• Own your brand: There are a lot of free blog tools and publishing platforms — Blogger, WordPress, Tumblr, Posterous, TypePad… the list goes on and on. But there are a few potential problems with these tools. What’s easier to remember — http://mynewblog.wordpress.com or www.mynewblog.com? Don’t you think it’s worth $10 to purchase a formal domain? It’s easy to remember and show your prospects that you’re serious, you mean business, and you don’t need a free publishing platform to get by. If you truly believe in your brand, invest in it. This isn’t a hobby anymore.
  • Edit: Doesn’t matter how urgent you think your post is, you must go through the editing process, preferably with somebody other than yourself. Edits aren’t criticisms, they’re clarifications and enhancements. I’m embarrassed — sometimes shocked — to sleep on a blog post only to read it the next morning and think “Sweet baby Jesus, to think I was actually going to publish with these mistakes.” Nothing erodes authority faster than spelling and grammatical errors. Take time to fix those. Oh, and while you’re at it, edit yourself, because if you’re like me, you’re a wordy writer.
  • Spend time on your headline: Two years ago, I wrote the headline “Valvoline, Yaz and Captain Crunch Walk Into a Bar” for a blog post on the value of targeted marketing. Horrible headline. It makes you cock your head and wonder, “Whaaa?”. It’s not promising, it’s not enticing, and it doesn’t allude to anything in the article. The only reason you’d click to read is because you’re curious about what kind of mess that headline would offer. If you’re rushing to create a headline so you can press “publish” on your post, step back, breathe, and come back to it when you’re ready to give it the attention it deserves.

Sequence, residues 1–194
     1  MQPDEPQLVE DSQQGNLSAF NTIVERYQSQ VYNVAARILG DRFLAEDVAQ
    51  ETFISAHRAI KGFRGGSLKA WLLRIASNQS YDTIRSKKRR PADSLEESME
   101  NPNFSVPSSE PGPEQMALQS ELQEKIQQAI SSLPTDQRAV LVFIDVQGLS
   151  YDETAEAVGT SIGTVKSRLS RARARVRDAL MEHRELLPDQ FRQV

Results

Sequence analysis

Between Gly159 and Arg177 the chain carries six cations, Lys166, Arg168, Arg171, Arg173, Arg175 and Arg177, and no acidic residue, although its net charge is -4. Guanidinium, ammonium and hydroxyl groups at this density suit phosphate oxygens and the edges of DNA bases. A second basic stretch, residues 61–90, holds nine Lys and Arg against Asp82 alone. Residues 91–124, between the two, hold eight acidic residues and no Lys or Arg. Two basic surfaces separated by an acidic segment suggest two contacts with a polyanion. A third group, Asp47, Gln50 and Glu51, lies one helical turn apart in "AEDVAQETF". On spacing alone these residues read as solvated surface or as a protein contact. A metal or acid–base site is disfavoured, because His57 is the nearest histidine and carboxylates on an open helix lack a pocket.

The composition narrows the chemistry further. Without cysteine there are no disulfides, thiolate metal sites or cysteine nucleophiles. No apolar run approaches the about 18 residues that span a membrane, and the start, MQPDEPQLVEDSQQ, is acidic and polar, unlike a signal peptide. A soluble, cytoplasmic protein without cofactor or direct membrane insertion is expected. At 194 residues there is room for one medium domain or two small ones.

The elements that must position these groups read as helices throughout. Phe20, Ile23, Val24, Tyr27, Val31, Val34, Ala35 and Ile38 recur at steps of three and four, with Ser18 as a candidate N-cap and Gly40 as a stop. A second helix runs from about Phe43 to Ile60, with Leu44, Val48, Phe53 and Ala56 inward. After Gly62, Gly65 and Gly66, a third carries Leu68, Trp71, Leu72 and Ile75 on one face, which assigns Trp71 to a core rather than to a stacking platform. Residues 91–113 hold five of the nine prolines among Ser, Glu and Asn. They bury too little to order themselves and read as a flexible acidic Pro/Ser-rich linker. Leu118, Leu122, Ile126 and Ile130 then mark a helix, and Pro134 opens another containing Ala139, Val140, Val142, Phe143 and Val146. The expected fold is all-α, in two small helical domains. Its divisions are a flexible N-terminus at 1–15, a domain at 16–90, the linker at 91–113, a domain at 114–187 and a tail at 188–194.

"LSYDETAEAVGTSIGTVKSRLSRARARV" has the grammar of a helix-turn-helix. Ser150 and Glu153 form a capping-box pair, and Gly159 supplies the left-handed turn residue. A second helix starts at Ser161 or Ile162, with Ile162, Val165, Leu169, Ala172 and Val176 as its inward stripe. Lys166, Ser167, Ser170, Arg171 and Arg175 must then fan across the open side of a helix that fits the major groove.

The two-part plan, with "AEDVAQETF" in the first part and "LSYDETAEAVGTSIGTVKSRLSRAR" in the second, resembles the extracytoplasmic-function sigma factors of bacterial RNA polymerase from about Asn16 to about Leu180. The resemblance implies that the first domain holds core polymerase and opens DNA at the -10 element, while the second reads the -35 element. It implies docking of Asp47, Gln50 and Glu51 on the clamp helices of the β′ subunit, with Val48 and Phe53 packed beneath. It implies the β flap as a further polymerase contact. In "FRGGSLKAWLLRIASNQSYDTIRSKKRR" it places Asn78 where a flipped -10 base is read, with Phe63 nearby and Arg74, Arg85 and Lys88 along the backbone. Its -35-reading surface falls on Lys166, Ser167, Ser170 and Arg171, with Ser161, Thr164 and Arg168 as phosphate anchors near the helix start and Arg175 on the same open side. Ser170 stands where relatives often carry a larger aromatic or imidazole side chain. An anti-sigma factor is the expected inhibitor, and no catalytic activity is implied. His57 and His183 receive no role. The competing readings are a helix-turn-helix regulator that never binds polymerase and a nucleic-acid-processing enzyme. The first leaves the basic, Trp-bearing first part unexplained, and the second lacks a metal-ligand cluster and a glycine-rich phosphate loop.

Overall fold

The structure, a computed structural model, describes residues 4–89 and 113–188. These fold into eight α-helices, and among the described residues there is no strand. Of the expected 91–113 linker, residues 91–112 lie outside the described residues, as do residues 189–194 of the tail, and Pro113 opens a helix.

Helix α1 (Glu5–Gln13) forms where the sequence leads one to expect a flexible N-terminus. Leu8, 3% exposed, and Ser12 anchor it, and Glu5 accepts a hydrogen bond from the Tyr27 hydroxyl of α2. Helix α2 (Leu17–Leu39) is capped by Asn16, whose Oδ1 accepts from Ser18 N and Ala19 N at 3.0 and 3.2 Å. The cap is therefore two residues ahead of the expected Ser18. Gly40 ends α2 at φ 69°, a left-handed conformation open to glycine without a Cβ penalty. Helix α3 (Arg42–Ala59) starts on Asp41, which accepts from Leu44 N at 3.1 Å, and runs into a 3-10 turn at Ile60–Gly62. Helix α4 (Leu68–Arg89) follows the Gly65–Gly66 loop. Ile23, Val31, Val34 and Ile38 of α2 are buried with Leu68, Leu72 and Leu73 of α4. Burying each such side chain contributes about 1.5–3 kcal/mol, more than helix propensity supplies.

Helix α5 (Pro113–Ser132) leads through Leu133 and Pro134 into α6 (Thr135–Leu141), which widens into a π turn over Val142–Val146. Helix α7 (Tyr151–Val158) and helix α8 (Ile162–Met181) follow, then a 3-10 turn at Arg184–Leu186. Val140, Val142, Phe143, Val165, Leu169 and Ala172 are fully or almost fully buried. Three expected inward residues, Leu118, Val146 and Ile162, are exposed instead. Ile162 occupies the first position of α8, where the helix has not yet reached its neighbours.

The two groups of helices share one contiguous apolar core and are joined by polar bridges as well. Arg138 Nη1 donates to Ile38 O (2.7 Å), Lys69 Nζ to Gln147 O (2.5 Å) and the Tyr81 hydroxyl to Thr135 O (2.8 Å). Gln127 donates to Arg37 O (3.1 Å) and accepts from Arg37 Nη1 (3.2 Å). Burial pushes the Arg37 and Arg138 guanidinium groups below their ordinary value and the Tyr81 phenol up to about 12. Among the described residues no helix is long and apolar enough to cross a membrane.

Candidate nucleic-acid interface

4. Be patient

My impatience is my legacy. Unfortunate, but true.

Sitting at my parent’s kitchen table — a paint-stained, floral tablecloth upon it — I looked back and forth between the inspirational photo on the box and the dull grey plastic pieces in front of me.

Before the glue dried, I was already painting. Before the paint dried, I’d already picked up the model and was flying the jet around the living room.

Instead of a solid, crisp-looking model, I had a sloppy, flimsy hunk of plastic with smudged paint.

I had rushed the process. And wound up with a lot of remorse.

Have you ever had that feeling with your blog?

Launching your blog, a new promotion, or a new product is exciting event, but resist the urge to rush through it. You have a great idea — a new idea. Give it the attention it deserves.

I’ve rushed into a randomly-inspired, voluntary blog redesign at 4:00 p.m. only to see midnight roll around with a half-assed theme published, blog posts mislabeled, comment forms not functioning, and general anxiety in full force.

A simple calendar plan with day-by-day objectives for a blog redesign could have prevented all that strife. And that same type of patience and proactive planning is warranted for your blog launch too.

5. Show it off

As a kid, there was no greater joy than showing off my bedroom. It featured all my models hung with my mother’s sewing thread from the ceiling at a diving, banking, or climbing angle.

But after a week, the thread unraveled and the pins loosened. The child in me had opted for a quick method of showing off rather than going to the store for secure fishing line and ceiling hooks.

It’s easy to set up a link between your RSS feed and your Twitter, Facebook and LinkedIn accounts.

But the easy way isn’t the best way of showing off.

Your blog shouldn’t be blindly blasted to your fans and followers. If you take the time and effort to give your blog more powerful, lasting ways of showing off, you’ll be more likely to earn new readers’ admiration.

A product, a business, a blog — they’re not overnight projects. They take a lot of time, dedication, and patience; they deserve a lot of time, dedication and patience.

What do you think? Did I miss any steps that have proved valuable to you? Take a minute to share your thoughts in the comments below.

Post by Ryan Barton

Ryan Barton is the author of "Smart Marketing" and he writes at The Smart Marketing Blog for Small Business Success; you can follow him on Twitter, where he shares entirely too much information.

He wrote "Smart Marketing" to give small businesses insightful information and tangible marketing strategies to compete competitively with industry giants.